United’s choices could signal future of dot-coms

How United treats its online assets after selling its TV interests will determine how it values itself – and could set a precedent for Net businesses, says George Pitcher

A friend of mine, coincidentally a former employee of Auntie, refers to the days of the Internet bubble, when the prevailing wisdom was that anything with a dot-com connection should be floated separately as it could generate ludicrous amounts of cash, as “BBC” – “Before Boo Collapsed”.

I’ve unburdened myself here before about how nauseating it was that a former Swedish model could sufficiently charm financial editors into believing that the wasting of other people’s millions made her in some way the object of sympathy. So let us not revisit the collapse of Boo.com and the dreadful hubris and naivety it represented.

But it is undeniable that Boo.com was a watershed in the commercial history of the Net. Not only did it the degree to which the corporate finance and venture capital community had conspired during the inflation of the Net bubble, but it led proper business people to ask what the Net really represented in terms of future commercial opportunity.

As another friend, who runs a listed Net business, told me the other day, he is fed up with people telling him that “the Net is not going to go away”. He has, as he fragrantly puts it, had “the arse shot off his share price”, but he does appreciate that the Net is not some passing failed product, such as the Sinclair C5, but a new economic paradigm shift, like the telephone or the steam engine.

It follows that we have to decide how we are to manage it. I make the point because it is germane to the way in which we view the valuation of a company such as United News & Media, which last week abandoned its &£8bn merger with Carlton Communications. Attention has centred, not without some justification, on the carve-up between United, Carlton and Granada of British independent television franchises.

I leave the analysis and debate of that issue to others better qualified in the media industries. But United is a fascinating business in the Net markets too. And it represents exactly that syndrome to which I refer – how an established British business integrates its Net businesses and values itself as a consequence.

I do believe that coverage of United has focused unduly on the TV issue. United has about half its people in the US, but from recent reporting you might assume that its whole asset-base is UK-placed and consists entirely of TV franchises and Express Newspapers. The reality is that United has some hot Net properties, such as Dotmusic.com, though after recent insurrections in dot-com markets they dare not breathe their own names in polite company.

Attention will start to turn to these Net properties just as soon as United has disposed of those TV interests (to Granada, presumably). The debate will be about how to value the likes of Dotmusic – an online pop-news and music portal – precisely because it will be assets such as these that constitute United’s value in any capital markets in which it is valued. All that will be left otherwise is Express Newspapers – and there are plenty that say that this asset is on the sale list.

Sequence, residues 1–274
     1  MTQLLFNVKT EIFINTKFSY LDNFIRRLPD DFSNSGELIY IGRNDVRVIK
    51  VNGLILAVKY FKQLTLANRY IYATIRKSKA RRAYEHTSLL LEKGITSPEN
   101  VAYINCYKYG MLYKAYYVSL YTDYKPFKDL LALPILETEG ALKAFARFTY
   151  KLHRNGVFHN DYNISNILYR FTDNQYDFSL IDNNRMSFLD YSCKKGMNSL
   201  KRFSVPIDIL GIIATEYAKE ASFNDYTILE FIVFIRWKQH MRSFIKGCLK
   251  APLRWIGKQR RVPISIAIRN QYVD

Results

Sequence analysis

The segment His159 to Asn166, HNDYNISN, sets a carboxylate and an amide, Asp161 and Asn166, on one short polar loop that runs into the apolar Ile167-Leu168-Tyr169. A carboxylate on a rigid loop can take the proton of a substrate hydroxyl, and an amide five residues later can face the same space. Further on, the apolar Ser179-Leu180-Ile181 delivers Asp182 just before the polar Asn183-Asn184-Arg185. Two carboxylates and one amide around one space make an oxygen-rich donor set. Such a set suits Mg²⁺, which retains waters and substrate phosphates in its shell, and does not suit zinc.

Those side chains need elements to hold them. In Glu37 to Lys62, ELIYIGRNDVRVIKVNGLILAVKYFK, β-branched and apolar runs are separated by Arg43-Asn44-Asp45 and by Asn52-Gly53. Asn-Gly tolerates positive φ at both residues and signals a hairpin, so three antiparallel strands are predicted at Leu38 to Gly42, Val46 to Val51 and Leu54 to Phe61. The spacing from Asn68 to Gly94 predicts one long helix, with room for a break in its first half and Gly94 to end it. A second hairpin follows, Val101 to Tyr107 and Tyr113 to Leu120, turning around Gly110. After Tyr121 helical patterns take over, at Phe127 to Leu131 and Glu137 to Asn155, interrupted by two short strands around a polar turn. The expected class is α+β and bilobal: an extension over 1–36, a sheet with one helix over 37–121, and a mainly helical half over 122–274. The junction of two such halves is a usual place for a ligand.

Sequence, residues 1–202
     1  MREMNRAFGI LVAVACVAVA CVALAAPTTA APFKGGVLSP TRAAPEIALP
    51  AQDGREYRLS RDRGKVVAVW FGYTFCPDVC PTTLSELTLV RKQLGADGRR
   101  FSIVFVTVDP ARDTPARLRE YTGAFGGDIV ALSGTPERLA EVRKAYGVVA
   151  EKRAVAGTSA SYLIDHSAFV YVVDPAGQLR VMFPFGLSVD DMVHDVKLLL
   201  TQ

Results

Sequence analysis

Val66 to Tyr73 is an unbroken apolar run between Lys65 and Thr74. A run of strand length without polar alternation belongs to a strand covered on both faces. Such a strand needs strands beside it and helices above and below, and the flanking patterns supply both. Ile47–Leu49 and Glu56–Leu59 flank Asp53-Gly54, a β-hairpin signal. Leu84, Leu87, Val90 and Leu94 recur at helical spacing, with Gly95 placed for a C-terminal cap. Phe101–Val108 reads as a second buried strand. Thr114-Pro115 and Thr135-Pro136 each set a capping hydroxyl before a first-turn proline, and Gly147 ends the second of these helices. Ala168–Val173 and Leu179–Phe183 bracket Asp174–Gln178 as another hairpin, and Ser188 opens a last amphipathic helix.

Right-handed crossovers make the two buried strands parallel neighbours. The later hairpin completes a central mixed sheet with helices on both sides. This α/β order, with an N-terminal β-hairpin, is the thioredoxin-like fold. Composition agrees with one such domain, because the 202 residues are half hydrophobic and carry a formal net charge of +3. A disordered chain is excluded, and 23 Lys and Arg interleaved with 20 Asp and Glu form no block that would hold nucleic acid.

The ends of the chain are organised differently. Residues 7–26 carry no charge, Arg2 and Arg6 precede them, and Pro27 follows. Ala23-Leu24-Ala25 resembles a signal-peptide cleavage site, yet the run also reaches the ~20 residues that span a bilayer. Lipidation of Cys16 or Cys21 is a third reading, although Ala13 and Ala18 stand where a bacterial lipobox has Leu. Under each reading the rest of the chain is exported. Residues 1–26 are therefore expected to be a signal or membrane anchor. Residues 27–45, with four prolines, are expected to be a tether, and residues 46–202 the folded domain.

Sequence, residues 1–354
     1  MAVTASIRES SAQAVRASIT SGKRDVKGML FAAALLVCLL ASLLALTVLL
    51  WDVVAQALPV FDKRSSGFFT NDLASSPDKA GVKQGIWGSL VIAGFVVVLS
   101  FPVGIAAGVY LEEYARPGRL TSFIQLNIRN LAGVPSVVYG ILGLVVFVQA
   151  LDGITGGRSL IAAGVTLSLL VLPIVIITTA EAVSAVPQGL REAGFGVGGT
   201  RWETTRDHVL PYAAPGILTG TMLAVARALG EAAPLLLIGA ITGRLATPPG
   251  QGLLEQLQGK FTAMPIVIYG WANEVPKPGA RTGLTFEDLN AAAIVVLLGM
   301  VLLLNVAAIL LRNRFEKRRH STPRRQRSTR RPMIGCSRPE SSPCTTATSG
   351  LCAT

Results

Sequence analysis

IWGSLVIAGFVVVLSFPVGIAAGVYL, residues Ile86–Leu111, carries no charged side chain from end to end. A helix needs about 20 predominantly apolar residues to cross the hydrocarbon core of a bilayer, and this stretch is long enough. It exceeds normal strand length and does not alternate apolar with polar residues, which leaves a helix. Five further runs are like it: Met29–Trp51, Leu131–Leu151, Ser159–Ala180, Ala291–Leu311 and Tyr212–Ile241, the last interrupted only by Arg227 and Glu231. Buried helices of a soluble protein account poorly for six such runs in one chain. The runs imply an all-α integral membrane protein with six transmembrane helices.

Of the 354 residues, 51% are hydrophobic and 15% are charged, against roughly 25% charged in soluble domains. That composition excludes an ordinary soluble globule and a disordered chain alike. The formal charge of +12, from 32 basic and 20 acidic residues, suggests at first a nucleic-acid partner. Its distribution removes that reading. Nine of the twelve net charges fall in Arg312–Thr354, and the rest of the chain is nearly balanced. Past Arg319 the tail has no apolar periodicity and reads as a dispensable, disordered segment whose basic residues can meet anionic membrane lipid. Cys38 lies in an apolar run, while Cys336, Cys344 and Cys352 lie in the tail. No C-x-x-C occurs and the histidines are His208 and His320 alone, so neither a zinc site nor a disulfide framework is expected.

There is something of a debate going on within United not only with regard to how these assets should be valued, but also where they should be valued. By that I mean that there are those within United – and I understand that United’s chairman, Lord Hollick, has some sympathy with this view – who feel that the Net interests should be separately floated, while others believe that they should remain integrated.

The faction that would go for separate flotation are, as my friend would put it, adopting a commercial psychology that is very BBC. Before Boo collapsed, this was the way to raise cash – and absurd amounts of it, too. In wiser and more chastened times, it is thought that Net businesses should be integrated into the fabric of business life. There are those who would go further – Net businesses do not have a life of their own, but depend on the expertise and marketing models of the “old economy” (for which please read “core economy”).

And it is precisely in this kind of arena that a business such as Dotmusic can prosper. It currently resides in the United empire alongside its trade-magazine interests in Miller Freeman. That means that it has the access to and cross-fertilisation with its old-economy counterpart, Music Week.

If Miller Freeman is worth more than the sum of its parts by keeping ownership of Dotmusic alongside Music Week in this way, then there are any number of trade and technical enhancements that can be made through linkage with Net assets at Miller Freeman. It might even represent the way of the future for Net businesses – not as separately valued entities, but as an integral part of industrial development.

This will come as bad news, however, to corporate financiers and vulture capitalists. The whole joy of Net development for them has been the cash that they swallow and the cash that consequently has to be raised in the capital markets on their behalf.

But that bonanza may be over and, if it is, the economy will be better for it. What United chooses to do with Miller Freeman and Net interests such as Dotmusic could well be a signal that this market has grown up.

George Pitcher is a partner of issue management consultancy Luther Pendragon


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